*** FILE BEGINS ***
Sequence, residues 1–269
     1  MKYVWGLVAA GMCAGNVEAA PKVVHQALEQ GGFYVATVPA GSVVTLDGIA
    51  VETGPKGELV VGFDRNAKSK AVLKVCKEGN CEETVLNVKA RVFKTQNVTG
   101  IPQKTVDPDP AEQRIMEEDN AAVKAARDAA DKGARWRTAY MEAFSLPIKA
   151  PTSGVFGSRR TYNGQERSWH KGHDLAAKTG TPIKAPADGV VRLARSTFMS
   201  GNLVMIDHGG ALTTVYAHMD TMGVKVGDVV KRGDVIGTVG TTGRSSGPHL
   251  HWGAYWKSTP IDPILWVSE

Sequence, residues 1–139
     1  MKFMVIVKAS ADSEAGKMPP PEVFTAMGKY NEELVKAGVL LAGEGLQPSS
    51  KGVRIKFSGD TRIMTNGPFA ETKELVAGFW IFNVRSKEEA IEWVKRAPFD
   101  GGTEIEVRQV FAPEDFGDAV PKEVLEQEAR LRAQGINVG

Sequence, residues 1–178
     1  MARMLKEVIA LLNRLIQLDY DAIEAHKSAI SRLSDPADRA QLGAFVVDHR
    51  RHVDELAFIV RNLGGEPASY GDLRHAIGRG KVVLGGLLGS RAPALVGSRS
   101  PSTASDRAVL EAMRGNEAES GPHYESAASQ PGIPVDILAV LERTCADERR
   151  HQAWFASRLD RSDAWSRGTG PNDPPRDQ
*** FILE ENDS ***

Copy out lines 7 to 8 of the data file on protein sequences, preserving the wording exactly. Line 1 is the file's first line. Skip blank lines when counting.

   251  HWGAYWKSTP IDPILWVSE

Sequence, residues 1–139